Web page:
Agriculture markets can move violently when U.S. Department of Agriculture reports are issued.
And they always draw attention to themselves. For days before important and even only-semi-important reports come out people chatter about what could be in the reports Getting your guess right can mean lots of money if you’ve taken a position in the market based on your guess. (Our own Markets Editor D’arce McMillan talks about a recent USDA report in this video.)
That’s why security is such a concern for USDA and for everyone in the markets: if someone can somehow get access to crucial numbers days, minutes, seconds, tiny fractions of a second before the rest of the market they can get a huge gain on other players. The old movie Trading Places is all about this, with some nefarious types figuring out a way to get their hands on the numbers in a USDA Frozen Concentrated Orange Juice report and then manipulating the futures market to try to make illegal and unethical windfall profits from their scheming. (There really is such a futures contract, the FCOJ. I’ve seen it traded live at the New York Board of Trade, which is now part of ICE.)
So the USDA officials who are going to write any particular report are locked into a section of the sprawling USDA complex in Washington, D.C. and cut off from all contact with the outside world, even having their computers cut off from accessing any information from outside the lockup facilities. Close to report issue time, accredited agriculture reporters are allowed into the lockup, where they have to surrender cellphones and other wireless devices, and they as well have to work on computers that cannot access the rest of Planet Earth. They are given advanced access to the report so they can sort through the numbers and write stories, but the room’s servers block anything getting outside the room until the report is officially issued, then the electronic floodgates are opened, the info can flow forth, and the reporters and analysts are allowed to leave the lockup and see if the outside world still exists. For a feature by me on the security measures and concerns, go here and read this. It was in our May 16 printed issue.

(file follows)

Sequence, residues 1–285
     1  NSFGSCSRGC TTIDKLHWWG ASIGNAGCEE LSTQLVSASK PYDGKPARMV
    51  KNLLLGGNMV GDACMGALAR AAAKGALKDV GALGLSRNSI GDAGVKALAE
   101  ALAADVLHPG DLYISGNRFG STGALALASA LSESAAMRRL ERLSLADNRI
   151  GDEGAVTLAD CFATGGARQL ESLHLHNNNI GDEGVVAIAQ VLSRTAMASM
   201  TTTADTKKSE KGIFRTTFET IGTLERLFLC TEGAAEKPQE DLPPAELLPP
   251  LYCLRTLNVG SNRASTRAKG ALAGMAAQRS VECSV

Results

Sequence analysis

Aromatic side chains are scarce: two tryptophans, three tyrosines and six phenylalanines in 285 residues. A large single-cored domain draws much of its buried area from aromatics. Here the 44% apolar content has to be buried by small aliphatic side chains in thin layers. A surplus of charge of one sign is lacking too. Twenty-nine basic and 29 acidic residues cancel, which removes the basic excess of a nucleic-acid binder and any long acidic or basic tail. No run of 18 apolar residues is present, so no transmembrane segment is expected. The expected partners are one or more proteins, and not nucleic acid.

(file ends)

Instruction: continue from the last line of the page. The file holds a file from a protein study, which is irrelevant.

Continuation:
Katie Micik of DTN talks about the live lockup atmosphere in this blog post here. She regularly covers the big releases so she gets to go through the life-shortening stress of having to crunch mountains of numbers in the pre-release period. I don’t go to Washington much, so I mostly live this stress second-hand through Twitter, where I see dozens of analysts that I follow racing to shoot the numbers out as soon as they become available, fighting to be the first. But I recently got to visit D.C. and while there I and the members of the North American Agriculture Journalists got to tour the USDA lockup facilities in a more relaxed mood, with no actual lockdown in progress. As someone who covers these report this was cool, and I put together this video-slideshow here to give you a sense of what it’s like to be in there.